You know that saying, “Children are our future”? This is true in so many ways, including how we deal with dementia. “Dementia education is a critical step for building empathetic, insightful and caring communities,” said Ashleigh Smith, PhD, in a press release from the University of South Australia. Dr. Smith is a researcher at the university and lead author of a new study about dementia education. The premise behind the study was if children grow up knowing about dementia and personally interacting adults affected by it, this may help them address dementia and aging related issues more empathetically later in life.

The study included nearly 90 children, aged 9 to 10 years old. They spoke with older adults, participated in activities with them, watched educational videos, and discussed issues like life experience, brain health and nursing homes. After the program, the researchers found that the children showed an improvement in not only what they knew about dementia, but in their compassion and empathy towards the older adults. In a follow-up 6 months later, the children scored even higher in the post-program survey than immediately after the program.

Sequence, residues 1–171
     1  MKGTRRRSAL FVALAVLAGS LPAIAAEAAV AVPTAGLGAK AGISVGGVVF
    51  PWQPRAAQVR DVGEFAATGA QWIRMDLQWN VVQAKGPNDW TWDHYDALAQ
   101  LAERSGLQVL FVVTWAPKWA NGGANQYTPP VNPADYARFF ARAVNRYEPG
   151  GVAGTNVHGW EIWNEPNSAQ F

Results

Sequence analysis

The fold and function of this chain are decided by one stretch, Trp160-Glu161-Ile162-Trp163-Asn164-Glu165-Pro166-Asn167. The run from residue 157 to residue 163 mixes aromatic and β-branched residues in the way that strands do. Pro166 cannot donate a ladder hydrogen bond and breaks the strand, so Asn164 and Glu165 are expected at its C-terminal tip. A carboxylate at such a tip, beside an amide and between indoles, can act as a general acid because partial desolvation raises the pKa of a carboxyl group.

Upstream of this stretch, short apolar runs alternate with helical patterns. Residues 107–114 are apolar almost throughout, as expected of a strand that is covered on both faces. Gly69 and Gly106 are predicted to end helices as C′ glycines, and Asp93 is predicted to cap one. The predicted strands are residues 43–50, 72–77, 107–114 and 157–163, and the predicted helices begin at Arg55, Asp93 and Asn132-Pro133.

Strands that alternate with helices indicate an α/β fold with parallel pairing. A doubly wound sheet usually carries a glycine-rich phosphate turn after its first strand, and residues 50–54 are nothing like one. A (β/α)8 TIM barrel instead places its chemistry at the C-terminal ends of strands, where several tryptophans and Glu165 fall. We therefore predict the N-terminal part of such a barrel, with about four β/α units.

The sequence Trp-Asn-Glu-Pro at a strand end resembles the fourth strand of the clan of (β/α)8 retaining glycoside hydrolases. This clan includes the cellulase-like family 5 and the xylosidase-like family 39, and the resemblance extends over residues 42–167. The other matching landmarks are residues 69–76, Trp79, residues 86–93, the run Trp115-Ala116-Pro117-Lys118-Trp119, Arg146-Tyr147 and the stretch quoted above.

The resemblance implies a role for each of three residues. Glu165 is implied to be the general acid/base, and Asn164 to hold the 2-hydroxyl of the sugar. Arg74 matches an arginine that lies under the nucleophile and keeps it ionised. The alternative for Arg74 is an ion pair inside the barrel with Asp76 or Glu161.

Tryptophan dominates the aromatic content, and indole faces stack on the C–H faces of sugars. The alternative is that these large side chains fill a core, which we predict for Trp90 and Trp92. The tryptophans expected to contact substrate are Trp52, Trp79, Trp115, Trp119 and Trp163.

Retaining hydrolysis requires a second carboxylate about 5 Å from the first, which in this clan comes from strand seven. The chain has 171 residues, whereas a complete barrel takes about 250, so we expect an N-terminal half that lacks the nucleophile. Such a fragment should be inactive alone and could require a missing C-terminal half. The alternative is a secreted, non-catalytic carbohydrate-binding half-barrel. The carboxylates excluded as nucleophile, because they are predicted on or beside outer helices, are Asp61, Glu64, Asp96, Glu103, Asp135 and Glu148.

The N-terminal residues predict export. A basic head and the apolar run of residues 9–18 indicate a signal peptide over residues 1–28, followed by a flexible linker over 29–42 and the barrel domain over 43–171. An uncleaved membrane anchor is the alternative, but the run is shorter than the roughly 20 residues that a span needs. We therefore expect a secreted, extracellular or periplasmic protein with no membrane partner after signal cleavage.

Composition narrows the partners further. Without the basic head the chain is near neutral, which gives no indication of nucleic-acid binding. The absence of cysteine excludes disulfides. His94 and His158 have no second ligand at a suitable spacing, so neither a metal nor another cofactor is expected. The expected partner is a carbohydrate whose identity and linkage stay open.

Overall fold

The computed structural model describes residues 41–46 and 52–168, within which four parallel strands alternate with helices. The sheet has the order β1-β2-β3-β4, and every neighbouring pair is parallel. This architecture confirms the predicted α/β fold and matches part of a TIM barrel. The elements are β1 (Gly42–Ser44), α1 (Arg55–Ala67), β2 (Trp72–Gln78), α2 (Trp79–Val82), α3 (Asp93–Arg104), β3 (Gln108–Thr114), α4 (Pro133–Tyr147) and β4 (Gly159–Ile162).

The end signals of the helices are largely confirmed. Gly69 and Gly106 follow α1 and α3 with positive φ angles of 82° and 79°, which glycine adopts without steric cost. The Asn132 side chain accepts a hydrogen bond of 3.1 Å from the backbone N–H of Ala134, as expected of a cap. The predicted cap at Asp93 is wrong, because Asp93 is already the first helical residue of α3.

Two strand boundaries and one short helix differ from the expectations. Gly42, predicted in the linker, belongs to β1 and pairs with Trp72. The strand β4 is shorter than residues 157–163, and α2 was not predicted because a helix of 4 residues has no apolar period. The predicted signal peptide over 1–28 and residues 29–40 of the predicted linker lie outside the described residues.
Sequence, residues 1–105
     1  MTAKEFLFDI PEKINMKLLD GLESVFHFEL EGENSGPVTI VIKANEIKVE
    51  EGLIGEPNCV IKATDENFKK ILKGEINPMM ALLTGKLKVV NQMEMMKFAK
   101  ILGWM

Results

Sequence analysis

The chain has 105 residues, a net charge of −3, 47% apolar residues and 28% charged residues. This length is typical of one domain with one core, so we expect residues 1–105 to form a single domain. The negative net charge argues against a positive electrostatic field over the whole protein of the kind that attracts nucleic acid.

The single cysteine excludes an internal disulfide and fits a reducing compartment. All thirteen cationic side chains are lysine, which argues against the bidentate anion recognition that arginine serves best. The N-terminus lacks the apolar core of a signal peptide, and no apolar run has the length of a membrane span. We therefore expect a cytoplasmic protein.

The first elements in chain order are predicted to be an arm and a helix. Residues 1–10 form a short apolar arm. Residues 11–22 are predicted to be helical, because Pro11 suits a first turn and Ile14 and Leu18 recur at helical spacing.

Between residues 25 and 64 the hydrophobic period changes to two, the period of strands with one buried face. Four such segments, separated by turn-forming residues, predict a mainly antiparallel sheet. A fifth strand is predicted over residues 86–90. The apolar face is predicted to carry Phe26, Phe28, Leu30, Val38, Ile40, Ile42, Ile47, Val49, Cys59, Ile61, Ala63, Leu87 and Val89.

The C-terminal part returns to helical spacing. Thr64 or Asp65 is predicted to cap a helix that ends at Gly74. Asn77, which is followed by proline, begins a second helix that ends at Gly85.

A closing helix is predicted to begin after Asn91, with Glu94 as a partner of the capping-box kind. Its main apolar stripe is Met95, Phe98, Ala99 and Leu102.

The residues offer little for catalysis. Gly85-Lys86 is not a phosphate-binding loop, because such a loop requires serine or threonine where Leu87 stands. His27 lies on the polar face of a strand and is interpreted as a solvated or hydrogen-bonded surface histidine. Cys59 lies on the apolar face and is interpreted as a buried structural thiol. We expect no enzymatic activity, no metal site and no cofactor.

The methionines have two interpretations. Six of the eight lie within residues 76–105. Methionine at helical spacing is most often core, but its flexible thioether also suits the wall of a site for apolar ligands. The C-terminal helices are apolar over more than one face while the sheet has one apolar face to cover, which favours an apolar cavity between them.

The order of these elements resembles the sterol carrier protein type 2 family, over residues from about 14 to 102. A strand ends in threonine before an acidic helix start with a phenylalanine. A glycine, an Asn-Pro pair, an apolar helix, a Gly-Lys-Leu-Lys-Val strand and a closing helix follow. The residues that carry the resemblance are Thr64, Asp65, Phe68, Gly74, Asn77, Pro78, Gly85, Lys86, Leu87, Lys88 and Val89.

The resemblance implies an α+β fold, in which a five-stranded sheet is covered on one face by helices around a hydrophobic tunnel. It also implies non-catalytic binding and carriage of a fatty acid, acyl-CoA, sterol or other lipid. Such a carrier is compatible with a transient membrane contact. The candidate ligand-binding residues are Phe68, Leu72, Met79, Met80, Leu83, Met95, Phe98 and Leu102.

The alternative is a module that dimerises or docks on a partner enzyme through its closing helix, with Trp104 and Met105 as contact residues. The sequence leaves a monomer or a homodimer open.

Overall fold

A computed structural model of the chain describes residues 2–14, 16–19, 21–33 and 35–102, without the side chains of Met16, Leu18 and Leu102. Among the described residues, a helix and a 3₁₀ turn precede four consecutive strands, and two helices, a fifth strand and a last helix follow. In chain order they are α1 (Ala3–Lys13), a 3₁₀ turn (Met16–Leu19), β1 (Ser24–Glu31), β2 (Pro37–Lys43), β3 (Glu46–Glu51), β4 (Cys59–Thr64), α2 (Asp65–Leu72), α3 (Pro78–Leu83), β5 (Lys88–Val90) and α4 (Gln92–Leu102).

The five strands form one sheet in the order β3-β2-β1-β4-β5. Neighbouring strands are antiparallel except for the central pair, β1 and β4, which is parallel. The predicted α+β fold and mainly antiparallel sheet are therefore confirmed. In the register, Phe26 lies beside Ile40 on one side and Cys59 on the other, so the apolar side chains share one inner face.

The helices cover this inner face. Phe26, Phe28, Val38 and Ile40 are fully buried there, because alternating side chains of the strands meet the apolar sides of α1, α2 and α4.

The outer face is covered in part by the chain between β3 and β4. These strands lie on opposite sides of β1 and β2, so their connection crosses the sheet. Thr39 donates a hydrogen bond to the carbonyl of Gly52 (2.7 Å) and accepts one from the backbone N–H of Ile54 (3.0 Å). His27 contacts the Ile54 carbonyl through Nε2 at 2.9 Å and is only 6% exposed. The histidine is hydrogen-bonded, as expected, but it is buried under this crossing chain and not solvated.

The researchers also interviewed 14 pairs of parents and children after the study, and one quote in particular reflected how a child identified their improved behaviors: “Just being more careful around other people because they might have dementia but you can't tell by the way they look, or by the way they act,” the participant said.

“Children are our future leaders, they’re our local shop keepers, bankers, and neighbors. If we’re to improve dementia understanding, we need to invest in the education of our children,” Dr. Smith explained in the press release, “[C]hildren generally don’t know much about people living with dementia – unless they have a family member or family friend that has the condition.”

The CDC estimates that in 2014 there were 5 million adults in the United States with dementia and there could be as many as 14 million by 2060. Risk factors include a family history of dementia, head trauma, poor health and race. According to the CDC, Hispanic adults are 1.5 times more likely than white adults to develop dementia and Black adults are 2 times more likely. Smoking, high blood pressure and high cholesterol also predispose people to dementia.

Because there are some lifestyle factors included with dementia, Dr. Smith was excited to be educating kids. “By teaching children about dementia, we’re not only improving their knowledge and fostering positive attitudes towards dementia now, but maybe even reducing their own future risk of dementia as an adult – it’s exciting stuff,” she said.